Learn everything you can about the human body, learn everything you can about perspective, line, and shadow, and practice your heart out with a sketch pad and a pencil. Find styles you like and can emulate all while trying to maintain basic art principles and a believable anatomy for what your drawing.

 

And yeah, what thade wrote will help you get you going, but it still depends on you.

 

It's not an easy path that you're choosing, but its pretty freaking fun! 

 

Good luck!




#5037289 sprite vs 3d models?

Posted by DaveTroyer on 27 February 2013 - 02:01 PM

I gotta agree with Prinz; prototyping small aspects of your game over time will be really beneficial to the development of you game, and ultimately, you as a programmer.

 

But now to the question you asked. biggrin.png 

 

You might wanna check out a game called "Don't Starve", its a pretty epic game with 2d sprite work, a massive world to explore that used 3d for land sets, and is a bit of an action/survival game. I think this style of 2d/3d works beautifully and might be what you were thinking? Worse case, taking a look at this game can give you some ideas, right?

 

Now if you start leaning toward 3d, (which personally takes me less time than hand animating sprites) there are some things I would suggest.

 

In your post, you said 3d ages poorly. Well, I think it really depends on certain factors. Take the 3d models and style from Metal Gear Solid on the PS1. The characters are well done and stylized. They look better than some other models of the time (and in my opinion, better than some stuff today) because they have an established style. Just the same as the characters in Legend of Zelda all adhere to a style, thus creating a aesthetic that is pleasing to the viewers eye. Then look at games like Fall-Out 1 and compare it to Fall-Out 3. Fall-Out 1 has a consistent art style; not the fanciest or the most detailed, but its easy to get enveloped into that world where as the art for Fall-Out 3 is trying to be realistic, in your face, and detailed. When you have high detail on a characters armor, but the low detail on the poster their standing next to, it starts to take you out of the world. To me, the immersion was broken in Fall-Out 3 because of the whole uncanny valley thing.mellow.png

 

So yeah. my suggestion would be to try to make all the art consistent through out the entire game and also don't strive for super-realistic shtuff and you'll do fine with whichever path you chose. It'll take some years to learn, but you knew that already.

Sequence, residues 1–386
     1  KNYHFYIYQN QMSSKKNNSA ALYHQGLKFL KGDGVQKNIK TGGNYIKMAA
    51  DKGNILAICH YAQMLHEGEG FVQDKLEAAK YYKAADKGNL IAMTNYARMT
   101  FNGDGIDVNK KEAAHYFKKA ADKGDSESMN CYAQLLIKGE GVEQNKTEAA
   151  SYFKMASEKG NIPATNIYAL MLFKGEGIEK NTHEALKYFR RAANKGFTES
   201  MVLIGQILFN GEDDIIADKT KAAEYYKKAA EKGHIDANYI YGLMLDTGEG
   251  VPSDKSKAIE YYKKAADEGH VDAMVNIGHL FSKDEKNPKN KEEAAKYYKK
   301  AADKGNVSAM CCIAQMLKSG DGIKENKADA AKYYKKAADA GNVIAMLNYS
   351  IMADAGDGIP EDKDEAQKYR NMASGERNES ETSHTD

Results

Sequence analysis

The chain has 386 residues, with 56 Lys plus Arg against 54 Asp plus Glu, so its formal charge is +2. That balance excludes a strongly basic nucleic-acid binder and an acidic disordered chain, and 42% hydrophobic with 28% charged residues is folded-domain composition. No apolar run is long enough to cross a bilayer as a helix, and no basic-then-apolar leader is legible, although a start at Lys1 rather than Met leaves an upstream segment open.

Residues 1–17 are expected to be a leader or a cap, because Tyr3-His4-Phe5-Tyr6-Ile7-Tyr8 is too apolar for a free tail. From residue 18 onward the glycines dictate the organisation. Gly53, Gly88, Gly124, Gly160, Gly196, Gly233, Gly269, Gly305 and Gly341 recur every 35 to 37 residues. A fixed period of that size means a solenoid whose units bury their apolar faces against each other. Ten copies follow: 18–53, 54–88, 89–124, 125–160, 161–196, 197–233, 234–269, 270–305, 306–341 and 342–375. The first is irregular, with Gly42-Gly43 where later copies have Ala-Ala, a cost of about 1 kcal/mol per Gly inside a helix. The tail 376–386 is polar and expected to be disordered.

Best of luck!

-Dave




#5036499 Help me with claws [3D]

Posted by DaveTroyer on 25 February 2013 - 05:01 PM

I'm a little sick and grouchy, so I'm sorry if I come off as harsh in this post; I'm just trying to help. biggrin.png

 

I like the video, but I think it should be clarified that the model is (very) high-poly and not suitable for in-game. The reason I mention this is because well, we're on a game development board and its better to reinforce good habits early as opposed to fixing time consuming and potentially bad habits later.

 

One thing that I noticed in the original post was some wasted geometry on your character. Granted, it really depends on what platform you're developing the game for and what kind of system requirements you're looking at, but it's easier to create a low-poly model with strong geometry that you can add detail to later than it is to cut down a model with too many polygons once you find out it lags a high-end machine. 

 

Anyway, another thing you might consider doing for the claw is to get a general idea of the poly's you'll be working with on the arm as it comes down to the wrist. If there is too much or uneven geometry, you'll end up having a whole ton of polygons on the hands alone or even quads and tris mixing together with other, even higher vertex polygons, which will make skinning and rigging a serious pain and make the model pretty much unusable.

 

So my advice would be to plan a couple steps ahead; nothing too complex, but with more practice, you'll start seeing how things can get goofed up if you take different steps.

 

Oh and to answer the question, claws/hands/anything at the end of an arm or leg will take practice to get right and I would take a look around the web for tutorials  on hands, though most of them use something like 1k for a single hand, and to me that's just a waste.

 

Good luck!